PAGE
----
Should we be using molecule or ansible-test for unit/integration tests?

Hello all,

I had a general question about the use-cases/purpose of molecule vs ansible-test. For some background , I’m on a team that has a large repo with many custom roles and a number of custom plugins and modules. We have not moved our repo to the galaxy model yet, though we do make use of some third party collections and of course the community collection.

We do not use ansible-test at all at this time. We do, however, use tox + pytest for our plugin and module unit tests and molecule (3 currently) for role unit and integration tests.

My question is this: I’ve become the molecule SME over time and the rest of my team finds it extremely cumbersome to use. Given where ansible’s development energy and attention is being used, if we were to start from a blank slate, which testing tool should we choose or what reasons would we choose one over the other?

One thing that jumps out at me is that it seems as though ansible-test really expects you to be in a collection dir or have pulled down the ansible repo and sourced the env script under the hacking dir. Perhaps that is my answer right there; galaxy (ansible-test) vs no galaxy (molecule).

I will be spending time refactoring our repo and tests and wanted to make sure I was starting off on the right foot.


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I never used molecule, so I can’t say much about it. But let me write some general notes first.

For unit tests and sanity tests for modules and plugins I’d always use ansible-test. Of course that requires you to have a collection (I guess that’s what you mean with galaxy model?). I think it’s a good idea to migrate to using collections, even if you ‘only’ use local collections (i.e. a collections/ansible_collections/<namespace>/<name>/ directory structure below your playbook directory). This allows you to use all tooling that’s available for collections, like module/plugin sanity tests and docsite creation and docs validation with antsibull-docs.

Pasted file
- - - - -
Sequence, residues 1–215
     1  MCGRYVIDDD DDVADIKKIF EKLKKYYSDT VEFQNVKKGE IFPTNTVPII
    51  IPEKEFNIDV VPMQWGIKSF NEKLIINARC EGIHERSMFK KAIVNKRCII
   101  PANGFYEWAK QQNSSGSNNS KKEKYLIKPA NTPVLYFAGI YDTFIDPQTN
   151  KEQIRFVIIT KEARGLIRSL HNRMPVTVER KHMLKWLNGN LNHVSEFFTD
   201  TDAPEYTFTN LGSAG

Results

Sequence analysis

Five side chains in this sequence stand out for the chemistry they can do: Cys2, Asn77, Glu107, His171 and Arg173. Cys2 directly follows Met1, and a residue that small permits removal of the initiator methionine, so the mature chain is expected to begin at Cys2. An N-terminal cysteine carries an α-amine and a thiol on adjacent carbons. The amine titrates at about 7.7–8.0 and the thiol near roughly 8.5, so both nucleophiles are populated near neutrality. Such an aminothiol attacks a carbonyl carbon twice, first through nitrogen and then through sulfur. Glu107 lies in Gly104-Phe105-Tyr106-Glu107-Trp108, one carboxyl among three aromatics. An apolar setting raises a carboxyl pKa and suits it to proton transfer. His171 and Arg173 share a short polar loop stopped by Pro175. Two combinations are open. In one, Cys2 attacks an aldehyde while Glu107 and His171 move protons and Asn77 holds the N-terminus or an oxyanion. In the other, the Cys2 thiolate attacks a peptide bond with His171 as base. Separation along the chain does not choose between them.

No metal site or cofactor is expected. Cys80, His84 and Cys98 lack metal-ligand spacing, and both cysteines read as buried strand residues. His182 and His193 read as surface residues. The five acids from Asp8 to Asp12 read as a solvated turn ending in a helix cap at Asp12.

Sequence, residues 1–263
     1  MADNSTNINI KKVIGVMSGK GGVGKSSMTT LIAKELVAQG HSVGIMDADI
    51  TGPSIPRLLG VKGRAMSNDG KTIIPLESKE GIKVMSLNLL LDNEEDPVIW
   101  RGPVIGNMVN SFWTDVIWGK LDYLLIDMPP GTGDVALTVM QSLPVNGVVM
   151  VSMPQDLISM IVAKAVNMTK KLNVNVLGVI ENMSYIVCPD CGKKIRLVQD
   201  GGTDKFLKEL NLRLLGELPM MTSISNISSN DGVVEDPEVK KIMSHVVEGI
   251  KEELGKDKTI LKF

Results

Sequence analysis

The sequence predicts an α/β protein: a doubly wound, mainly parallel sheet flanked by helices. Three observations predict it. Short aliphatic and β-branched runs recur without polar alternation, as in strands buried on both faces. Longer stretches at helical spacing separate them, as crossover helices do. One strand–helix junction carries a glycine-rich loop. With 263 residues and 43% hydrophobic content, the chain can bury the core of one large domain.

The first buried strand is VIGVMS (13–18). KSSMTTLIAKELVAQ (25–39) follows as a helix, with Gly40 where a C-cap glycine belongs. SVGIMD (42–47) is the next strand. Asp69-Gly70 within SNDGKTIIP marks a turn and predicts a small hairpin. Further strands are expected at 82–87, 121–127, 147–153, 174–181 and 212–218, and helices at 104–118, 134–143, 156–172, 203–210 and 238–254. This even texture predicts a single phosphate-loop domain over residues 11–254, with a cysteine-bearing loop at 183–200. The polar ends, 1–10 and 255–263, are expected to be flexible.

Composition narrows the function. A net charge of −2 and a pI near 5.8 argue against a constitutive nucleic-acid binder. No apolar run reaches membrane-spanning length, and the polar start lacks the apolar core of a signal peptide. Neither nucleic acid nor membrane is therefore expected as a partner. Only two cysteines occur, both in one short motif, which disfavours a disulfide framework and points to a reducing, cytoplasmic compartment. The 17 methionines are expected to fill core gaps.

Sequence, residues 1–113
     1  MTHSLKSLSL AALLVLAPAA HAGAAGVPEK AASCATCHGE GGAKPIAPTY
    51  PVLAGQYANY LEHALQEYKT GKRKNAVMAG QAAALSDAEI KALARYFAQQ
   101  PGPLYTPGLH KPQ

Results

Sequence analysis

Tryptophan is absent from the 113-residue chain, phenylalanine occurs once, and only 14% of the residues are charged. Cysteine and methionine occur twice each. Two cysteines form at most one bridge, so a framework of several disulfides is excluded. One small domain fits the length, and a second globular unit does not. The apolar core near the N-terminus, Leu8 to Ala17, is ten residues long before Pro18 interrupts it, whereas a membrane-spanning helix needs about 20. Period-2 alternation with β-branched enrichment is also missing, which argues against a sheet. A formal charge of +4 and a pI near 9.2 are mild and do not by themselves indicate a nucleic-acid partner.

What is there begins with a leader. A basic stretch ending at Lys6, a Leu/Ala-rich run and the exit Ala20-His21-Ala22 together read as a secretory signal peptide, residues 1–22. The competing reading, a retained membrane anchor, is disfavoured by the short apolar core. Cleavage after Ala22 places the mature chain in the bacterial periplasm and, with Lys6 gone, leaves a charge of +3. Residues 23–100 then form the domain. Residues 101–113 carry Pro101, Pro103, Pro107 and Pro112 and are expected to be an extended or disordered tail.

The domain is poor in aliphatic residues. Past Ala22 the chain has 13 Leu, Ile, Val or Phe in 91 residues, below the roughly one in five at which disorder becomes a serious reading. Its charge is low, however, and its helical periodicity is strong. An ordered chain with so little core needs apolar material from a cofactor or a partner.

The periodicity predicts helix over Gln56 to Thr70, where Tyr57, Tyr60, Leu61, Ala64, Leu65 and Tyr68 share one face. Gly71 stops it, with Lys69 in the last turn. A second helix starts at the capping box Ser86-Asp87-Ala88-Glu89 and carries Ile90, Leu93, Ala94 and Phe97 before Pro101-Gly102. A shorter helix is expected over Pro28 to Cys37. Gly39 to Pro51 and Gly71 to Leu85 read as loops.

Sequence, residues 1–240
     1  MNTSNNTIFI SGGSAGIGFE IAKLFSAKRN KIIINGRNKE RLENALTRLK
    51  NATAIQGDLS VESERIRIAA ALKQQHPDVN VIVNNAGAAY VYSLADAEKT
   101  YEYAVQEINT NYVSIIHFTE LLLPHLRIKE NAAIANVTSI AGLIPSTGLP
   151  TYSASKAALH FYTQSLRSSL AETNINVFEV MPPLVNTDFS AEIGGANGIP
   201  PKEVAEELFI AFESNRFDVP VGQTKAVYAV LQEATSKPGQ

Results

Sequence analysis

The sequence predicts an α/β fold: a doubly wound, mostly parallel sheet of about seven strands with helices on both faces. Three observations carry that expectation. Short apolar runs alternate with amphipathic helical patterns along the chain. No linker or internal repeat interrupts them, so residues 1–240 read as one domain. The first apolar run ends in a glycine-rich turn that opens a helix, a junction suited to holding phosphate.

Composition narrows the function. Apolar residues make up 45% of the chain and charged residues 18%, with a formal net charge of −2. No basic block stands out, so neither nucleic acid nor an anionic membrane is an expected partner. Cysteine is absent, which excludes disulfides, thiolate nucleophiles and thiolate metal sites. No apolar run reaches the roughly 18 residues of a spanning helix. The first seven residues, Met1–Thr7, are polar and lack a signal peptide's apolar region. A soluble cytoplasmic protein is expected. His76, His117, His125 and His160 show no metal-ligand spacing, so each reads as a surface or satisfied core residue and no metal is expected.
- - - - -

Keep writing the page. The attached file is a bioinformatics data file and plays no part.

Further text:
I’m not sure how well molecule is working with collections though; I think there are collections that use molecule for role tests, and maybe also for module/plugin integration tests, so it can be done.

I’m personally using ansible-test also for role integration tests (for roles inside collections), though that doesn’t seem to be very common, but since I already use it for integration tests for modules and plugins, it’s easier to use it also for roles than using something else (with a different setup procedure) for roles.

The next part might be completely wrong since my knowledge of molecule is very limited and I don’t have hands-on experience.

I think molecule has a better test isolation than ansible-test, since you get a new environment for every role/module/plugin (or at least that’s how I understood it, maybe I’m also wrong :slight_smile: ). But that also implies that ansible-test will be faster if the setup takes enough time. But you have to watch out that you don’t end up in a situation where running all tests passes, but only running some specific tests doesn’t (because other tests install required dependencies which some other tests forget to install).

Hi @ryguy,

I am using molecule for testing my roles. I have not moved the roles to collections yet, but you can find how to deal with roles inside collections in the molecule documentation , as it is the default now. I would say molecule is ideal to test your roles because you can create infra from scratch and test them locally, either with the help of containers or VMs. For my roles, I am using molecule’s docker driver to create the infra.

On the other hand, I have no experience with ansible-test. So I am a bit on the opposite side of @felixfontein. I guess that if you have your own modules and want to follow Ansible conventions, use ansible-test. To test your roles on fresh infra, use molecule.